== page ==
Oil Takes a Dive As IMF Cuts Global Growth Forecast

Oil prices dipped roughly 5 percent on Tuesday’s volatile trading activity after the International Monetary Fund slashed its economic growth forecast and expressed concern over continued high inflation.

As such, the global benchmark Brent crude took a dive of $5.91, to settle at a price of $107.25 per barrel. In addition, US West Texas Intermediate slipped $5.65, to $102.56 per barrel. These are both declines of about 5.22 percent.

These prices fell even as OPEC+ producers lowered output to 1.45 million barrels per day, which is notably lower than its March targets.  This parallels a decrease in Russian output, which began to slow down after sanctions imposed by Western nations (the US) over the country’s invasion of Ukraine. Specifically, Russian production fell by roughly 300,000 barrels per day to miss its March target of 10.018 million bpd.

Last month, OPEC+, which includes OPEC members as well as select Russia-led allies, reached an agreement, in March, to aim for an oil output boost by as much as 432,000 bpd by next month.  The hope for this, of course, is to address consumer pressures to bring down quickly-escalating gas prices.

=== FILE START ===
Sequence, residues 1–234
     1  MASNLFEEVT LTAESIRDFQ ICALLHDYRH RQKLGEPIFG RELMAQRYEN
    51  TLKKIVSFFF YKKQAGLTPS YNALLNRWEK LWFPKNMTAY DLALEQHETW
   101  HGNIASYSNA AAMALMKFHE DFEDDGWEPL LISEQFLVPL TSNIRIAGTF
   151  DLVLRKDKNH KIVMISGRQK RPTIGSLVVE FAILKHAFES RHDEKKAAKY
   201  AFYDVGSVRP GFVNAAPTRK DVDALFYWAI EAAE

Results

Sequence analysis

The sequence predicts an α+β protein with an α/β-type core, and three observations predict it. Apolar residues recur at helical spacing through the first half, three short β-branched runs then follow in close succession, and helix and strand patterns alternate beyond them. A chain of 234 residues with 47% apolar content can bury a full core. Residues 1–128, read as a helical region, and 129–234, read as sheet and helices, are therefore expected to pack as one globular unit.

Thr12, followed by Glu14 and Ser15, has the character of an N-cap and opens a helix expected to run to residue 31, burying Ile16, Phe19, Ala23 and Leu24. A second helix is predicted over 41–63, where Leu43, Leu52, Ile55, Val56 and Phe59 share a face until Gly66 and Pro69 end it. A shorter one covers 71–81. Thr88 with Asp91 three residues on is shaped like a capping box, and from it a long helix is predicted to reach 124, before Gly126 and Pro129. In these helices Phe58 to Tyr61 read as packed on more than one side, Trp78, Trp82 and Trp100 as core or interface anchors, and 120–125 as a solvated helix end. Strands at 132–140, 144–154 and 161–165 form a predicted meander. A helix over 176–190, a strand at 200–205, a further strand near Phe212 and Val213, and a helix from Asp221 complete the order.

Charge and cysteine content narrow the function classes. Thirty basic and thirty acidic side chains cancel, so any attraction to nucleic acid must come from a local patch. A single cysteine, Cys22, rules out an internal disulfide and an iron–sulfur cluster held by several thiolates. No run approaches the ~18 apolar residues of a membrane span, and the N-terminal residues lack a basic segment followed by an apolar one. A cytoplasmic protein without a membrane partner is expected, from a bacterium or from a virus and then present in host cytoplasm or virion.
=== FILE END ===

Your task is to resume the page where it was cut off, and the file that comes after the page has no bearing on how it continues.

Overall, the IMF contracted its global economic growth forecast by almost one full percentage point.  Obviously, the Russian invasion of Ukraine is a major contributor of this. Inflation—whether authentic or not—is now also a clearly apparent obstacle to recover for many countries.   Prices are going up everywhere and on everything from cost of living to food to energy and other goods.  A continued uptick in these daily costs could trigger major social unrest across the globe, but particularly in the more vulnerable, less-developed countries.

This marks the second forecast downgrade from the IMF for this year.  Looking forward, the International Monetary Fund claims to now project we can see global growth of 3.6 percent for both the end of this year and even into 2023.  That is a drop of 0.8 percent and 0.2 percent for each year, respectively.